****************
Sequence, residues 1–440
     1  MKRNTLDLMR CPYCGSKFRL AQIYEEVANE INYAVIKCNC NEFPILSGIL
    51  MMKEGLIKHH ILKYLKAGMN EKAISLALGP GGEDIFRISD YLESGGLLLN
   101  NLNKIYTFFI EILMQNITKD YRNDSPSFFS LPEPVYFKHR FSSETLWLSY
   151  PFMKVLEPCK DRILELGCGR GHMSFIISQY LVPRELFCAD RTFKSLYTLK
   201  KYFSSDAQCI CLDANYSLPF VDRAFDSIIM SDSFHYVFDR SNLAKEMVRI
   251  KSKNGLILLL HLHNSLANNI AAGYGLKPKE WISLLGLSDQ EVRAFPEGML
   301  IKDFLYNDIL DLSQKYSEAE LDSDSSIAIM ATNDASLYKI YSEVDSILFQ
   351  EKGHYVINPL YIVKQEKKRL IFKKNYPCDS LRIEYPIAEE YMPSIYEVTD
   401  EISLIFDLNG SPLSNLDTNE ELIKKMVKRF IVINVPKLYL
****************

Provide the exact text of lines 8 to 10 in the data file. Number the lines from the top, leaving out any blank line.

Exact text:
   301  IKDFLYNDIL DLSQKYSEAE LDSDSSIAIM ATNDASLYKI YSEVDSILFQ
   351  EKGHYVINPL YIVKQEKKRL IFKKNYPCDS LRIEYPIAEE YMPSIYEVTD
   401  EISLIFDLNG SPLSNLDTNE ELIKKMVKRF IVINVPKLYL